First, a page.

September 25, 2019
“Shrinking Stem” response disappears with nitrogen fertilization.
Most plants are known to grow faster in an elevated carbon dioxide (CO2) atmosphere, provided they have sufficient nitrogen to use in building plant tissues. A new study found that, while this is true when considering the amount of plant growth per unit of ground area (per meter squared), individual plants may shrink in size in some ecosystems. Researchers conducting the study propose that elevated CO2 can cause clonal plants that reproduce from rhizomes to become denser but smaller and that this result has important consequences for how ecosystems function.
Tidal marshes are among the most effective ecosystems on Earth for removing CO2 from the atmosphere and burying it in soils. This process contributes to the ability of marshes to tolerate sea level rise because it adds elevation to the soil surface, maintaining flooding frequency within the marshes’ physiologic limits. A numerical model of sediment deposition in tidal marshes indicates that the increase in stem density will contribute to soil elevation gain, a response that will increase the stability of tidal marshes experiencing accelerated sea level rise.
It is well known that most C3 plants grow faster in an elevated CO2 atmosphere, provided they have sufficient nitrogen, and that growth at elevated CO2 is preferentially invested in roots to support soil nitrogen acquisition. In ecosystems such as grasslands, which are dominated by herbaceous species, the productivity response is usually measured on an area basis without considering whether increased growth is due to larger individual plants, more individuals per area, or both. This research shows that CO2 stimulation of root growth in a clonal plant species increased biomass on an area basis by 20% but decreased the biomass of individual stems by 16%. This “shrinking stem” response was a consequence of a CO2-induced increase in rhizome production as plants foraged for soil nitrogen, and it disappeared when the ecosystem was fertilized with nitrogen. A numerical model of sediment deposition in tidal marshes indicates that the increase in stem density will contribute to soil elevation gain, a response that will increase the stability of tidal marshes experiencing accelerated sea level rise.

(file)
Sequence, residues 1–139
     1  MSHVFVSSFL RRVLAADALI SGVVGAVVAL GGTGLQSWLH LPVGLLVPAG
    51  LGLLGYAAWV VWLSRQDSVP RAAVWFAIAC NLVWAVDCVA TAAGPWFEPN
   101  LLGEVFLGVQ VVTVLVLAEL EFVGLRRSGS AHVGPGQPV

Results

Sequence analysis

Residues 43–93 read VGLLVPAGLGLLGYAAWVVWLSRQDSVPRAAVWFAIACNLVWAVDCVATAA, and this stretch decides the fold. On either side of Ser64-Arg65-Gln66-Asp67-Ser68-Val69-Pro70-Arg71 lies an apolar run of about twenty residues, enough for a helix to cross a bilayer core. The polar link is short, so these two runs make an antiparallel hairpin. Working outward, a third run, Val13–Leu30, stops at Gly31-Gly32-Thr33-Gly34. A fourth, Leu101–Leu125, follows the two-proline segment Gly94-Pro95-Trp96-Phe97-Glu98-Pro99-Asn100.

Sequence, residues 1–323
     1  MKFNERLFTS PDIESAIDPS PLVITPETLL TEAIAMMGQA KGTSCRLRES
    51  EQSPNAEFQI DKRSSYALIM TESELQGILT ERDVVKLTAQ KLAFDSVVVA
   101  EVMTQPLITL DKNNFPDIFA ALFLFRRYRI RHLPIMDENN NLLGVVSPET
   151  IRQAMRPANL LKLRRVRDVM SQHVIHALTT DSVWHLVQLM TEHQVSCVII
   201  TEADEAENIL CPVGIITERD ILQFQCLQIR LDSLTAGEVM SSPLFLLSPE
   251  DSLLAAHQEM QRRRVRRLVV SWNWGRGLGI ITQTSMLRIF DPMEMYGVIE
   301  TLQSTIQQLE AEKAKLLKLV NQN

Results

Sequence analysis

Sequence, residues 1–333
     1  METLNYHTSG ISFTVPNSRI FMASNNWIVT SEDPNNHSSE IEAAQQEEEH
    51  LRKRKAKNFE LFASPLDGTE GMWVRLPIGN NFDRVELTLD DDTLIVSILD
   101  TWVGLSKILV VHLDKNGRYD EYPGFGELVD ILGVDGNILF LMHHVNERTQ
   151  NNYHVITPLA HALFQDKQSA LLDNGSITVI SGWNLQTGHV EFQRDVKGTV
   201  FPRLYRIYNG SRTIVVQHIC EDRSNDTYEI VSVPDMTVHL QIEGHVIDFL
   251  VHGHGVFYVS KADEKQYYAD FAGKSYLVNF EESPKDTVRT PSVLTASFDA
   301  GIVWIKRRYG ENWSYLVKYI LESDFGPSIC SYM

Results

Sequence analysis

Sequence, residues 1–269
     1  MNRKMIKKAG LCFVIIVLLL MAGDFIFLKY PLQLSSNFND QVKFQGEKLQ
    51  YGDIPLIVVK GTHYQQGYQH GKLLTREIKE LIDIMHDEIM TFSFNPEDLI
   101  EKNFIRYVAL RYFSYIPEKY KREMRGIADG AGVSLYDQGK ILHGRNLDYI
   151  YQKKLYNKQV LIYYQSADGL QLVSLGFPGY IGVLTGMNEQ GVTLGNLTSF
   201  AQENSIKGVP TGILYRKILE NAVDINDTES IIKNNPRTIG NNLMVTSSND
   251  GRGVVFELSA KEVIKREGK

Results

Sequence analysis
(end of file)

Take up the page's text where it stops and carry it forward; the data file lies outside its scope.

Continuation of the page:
BER Program Manager
U.S. Department of Energy Office of Science, Office of Biological and Environmental Research
Earth and Environmental Systems Sciences Division (SC-33.1)
Environmental System Science
Smithsonian Environmental Research Center
Edgewater, MD 21037-0028
This work was supported by the Office of Biological and Environmental Research (Contract No. DE-SC0008339) within the U.S. Department of Energy Office of Science, the National Science Foundation (NSF) Long Term Research in Environmental Biology (LTREB) program (DEB-0950080 and DEB-1457100), and the Smithsonian Institution.
Lu, M., E. R. Herbert, J. A. Langley, M. L. Kirwan, and J. P. Megonigal. “Nitrogen status regulates morphological adaptation of marsh plants to elevated CO2.” Nature Climate Change 9,764–68 (2019). [DOI:10.1038/s41558-019-0582-x].